Later, I moved to the coast, and, for a few years, sailing become a part of my life. I sailed larger boats; ketches and cutters, clinker-built relics in which everything happened at a slower pace. I crossed the Irish Sea one summer in a friend's twenty foot sloop, and I began to understand something of the terrifying and unequal relationship which people have always had with the sea. I remember the sense of gathering darkness as the coast of Wales paled into an evening sky, and the short June night which, from our isolation in the middle of the sea, seemed to last so long: three hour watches on deck with a head torch fixed on the tiny compass on the cockpit housing; the inability to cook or eat anything in the rolling haystacks of waves; the sense of relief in seeing the coast of Wicklow appearing in the grey of morning. That evening, exhausted from a sleepless night, my body still swaying inside from the constant movement, I cupped a pint of Guinness in my hands and felt as though I had passed some test; as though I had entered a world in which my own powerlessness was dependent upon the sea, the wind, the tides. I thought of the manoeuvre in which a boat is 'hove-to': adrift yet inert; in control but unpredictable.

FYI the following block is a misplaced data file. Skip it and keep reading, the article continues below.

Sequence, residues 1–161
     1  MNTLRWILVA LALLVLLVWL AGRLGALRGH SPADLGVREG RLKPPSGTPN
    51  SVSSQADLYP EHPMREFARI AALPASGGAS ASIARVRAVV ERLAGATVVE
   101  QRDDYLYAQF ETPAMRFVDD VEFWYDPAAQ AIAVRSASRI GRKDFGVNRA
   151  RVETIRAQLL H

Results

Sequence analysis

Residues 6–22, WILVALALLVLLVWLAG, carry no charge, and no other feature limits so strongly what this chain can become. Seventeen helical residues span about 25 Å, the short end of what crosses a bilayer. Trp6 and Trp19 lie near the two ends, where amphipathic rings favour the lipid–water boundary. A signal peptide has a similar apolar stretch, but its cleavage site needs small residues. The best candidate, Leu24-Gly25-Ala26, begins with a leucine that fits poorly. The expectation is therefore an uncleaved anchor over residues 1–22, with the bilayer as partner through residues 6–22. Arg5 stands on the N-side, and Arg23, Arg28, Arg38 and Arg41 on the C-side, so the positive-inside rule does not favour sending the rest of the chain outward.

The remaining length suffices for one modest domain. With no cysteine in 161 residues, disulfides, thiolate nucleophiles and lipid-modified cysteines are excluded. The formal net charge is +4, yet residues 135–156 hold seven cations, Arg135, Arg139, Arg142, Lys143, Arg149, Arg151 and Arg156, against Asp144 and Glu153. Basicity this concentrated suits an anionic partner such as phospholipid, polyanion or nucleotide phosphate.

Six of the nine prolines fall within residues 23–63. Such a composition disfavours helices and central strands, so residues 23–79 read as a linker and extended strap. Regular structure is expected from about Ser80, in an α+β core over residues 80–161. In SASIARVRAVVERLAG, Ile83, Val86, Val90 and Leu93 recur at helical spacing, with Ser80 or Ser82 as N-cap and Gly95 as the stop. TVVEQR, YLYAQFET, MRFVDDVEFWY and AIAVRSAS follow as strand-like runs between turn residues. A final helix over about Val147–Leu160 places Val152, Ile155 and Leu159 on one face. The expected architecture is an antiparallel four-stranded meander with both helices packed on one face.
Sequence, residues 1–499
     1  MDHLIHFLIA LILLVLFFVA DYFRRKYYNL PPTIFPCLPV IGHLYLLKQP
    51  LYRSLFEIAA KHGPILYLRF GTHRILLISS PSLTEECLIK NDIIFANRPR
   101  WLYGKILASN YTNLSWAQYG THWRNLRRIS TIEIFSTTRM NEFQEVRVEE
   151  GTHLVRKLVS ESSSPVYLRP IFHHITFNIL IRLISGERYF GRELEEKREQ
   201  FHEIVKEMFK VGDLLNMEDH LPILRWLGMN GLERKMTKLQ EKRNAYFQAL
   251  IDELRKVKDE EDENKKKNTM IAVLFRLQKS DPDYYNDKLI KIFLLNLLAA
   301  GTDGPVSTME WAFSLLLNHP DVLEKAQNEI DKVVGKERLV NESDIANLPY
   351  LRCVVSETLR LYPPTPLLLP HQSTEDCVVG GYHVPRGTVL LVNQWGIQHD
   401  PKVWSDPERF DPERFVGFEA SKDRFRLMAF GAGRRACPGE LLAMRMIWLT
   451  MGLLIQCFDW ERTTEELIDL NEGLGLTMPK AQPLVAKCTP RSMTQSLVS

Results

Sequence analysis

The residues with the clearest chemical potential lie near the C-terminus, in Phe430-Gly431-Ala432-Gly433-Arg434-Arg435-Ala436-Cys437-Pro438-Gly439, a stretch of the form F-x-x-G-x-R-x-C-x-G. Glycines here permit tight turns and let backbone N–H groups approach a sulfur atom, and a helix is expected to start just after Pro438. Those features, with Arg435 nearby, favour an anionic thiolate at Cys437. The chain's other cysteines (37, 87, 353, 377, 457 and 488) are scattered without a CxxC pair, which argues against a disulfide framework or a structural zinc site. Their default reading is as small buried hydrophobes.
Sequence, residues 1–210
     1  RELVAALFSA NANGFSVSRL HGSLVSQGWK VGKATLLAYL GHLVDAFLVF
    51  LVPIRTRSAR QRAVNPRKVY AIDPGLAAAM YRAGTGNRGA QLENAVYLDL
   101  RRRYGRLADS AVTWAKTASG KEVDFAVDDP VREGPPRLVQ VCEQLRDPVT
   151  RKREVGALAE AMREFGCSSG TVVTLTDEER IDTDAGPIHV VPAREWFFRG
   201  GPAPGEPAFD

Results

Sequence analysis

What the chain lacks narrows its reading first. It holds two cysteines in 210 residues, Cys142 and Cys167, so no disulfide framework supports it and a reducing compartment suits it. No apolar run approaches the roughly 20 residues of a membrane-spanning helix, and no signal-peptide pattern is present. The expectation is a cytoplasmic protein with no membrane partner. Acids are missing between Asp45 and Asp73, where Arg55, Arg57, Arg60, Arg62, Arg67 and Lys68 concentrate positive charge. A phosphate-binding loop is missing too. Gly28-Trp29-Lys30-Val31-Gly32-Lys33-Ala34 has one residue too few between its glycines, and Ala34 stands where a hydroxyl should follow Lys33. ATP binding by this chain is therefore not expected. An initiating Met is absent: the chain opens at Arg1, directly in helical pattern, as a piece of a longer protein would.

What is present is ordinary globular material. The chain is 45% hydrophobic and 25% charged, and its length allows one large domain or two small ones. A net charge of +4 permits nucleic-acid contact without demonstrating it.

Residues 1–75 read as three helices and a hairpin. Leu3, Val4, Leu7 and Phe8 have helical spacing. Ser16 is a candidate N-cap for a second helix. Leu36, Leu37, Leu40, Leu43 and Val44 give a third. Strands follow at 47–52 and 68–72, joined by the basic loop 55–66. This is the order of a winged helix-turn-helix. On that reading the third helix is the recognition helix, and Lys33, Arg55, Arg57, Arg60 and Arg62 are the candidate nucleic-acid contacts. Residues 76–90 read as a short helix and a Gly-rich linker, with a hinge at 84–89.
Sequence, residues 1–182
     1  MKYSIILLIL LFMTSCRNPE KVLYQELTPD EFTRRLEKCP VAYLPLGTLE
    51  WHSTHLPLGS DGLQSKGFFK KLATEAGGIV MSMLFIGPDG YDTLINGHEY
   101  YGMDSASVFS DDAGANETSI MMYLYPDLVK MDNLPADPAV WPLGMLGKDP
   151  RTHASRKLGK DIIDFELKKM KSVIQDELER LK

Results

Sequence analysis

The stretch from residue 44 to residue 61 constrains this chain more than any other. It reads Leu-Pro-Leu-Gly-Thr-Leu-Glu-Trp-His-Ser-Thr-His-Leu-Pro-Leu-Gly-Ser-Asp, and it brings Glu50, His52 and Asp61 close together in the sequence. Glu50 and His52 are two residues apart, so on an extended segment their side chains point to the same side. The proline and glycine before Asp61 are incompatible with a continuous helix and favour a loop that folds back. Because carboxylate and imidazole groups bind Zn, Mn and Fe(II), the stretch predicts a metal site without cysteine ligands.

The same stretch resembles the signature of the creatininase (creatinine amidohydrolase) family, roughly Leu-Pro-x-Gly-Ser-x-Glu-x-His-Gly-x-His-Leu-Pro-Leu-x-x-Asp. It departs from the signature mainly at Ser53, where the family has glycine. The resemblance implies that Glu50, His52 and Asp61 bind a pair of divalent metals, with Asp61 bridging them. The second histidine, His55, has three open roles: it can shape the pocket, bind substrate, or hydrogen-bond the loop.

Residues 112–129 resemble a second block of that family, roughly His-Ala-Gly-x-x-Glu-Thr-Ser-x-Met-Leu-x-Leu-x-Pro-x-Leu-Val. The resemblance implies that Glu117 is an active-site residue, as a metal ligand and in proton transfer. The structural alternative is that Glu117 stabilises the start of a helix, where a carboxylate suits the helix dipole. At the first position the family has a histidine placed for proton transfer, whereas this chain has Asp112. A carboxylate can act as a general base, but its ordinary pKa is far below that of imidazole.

I no longer sail, but the sea does not fail to stir something in me. We take our family holidays on distant islands; westward fragments of a wild land, set in a wilder sea. When I step on the ferry each summer in Oban, I watch the yachts clustered in the harbour with envy and understanding. Like many people brought up in the British Isles, I carry the scent of the sea with me like an inner knowledge, like a sense of privilege, as though the sea represents some ancient freedom we might once have had, and only dimly remember.
And I begin to understand how it might always have been so; how boats are not a modern luxury toy, but a human creation forever tied to our development; like the wheel, or the plough. I read today of the discovery and excavation of a group of eight Bronze Age boats beneath a quarry in Cambridgeshire. They are estimated at 3,000 to 3,600 years old, and so well-preserved that they could still float when removed from the Fenland peat. Within them were eel traps which are almost identical to those used by eel fishers in the fens today. I thought of the importance of boats to these people, their journeys from mainland Europe, across a sea that had already covered the ice age land bridge between Britain and the continent, towards a land which, on fine days, they could see in the distance, but on stormy days would have demanded a commitment, a faith, to attempt the journey. I thought of the huge oak trees a metre wide from which some of these boats were built, adzed by hand using primitive tools, shaped into something which was both beautiful and seaworthy. I thought of the Fenland coast of my youth, the layers of silt filling its muddy creeks, the almost-silence broken by a faint hiss in the distance which could only be heard on still days; the sound of the distant sea, calling softly.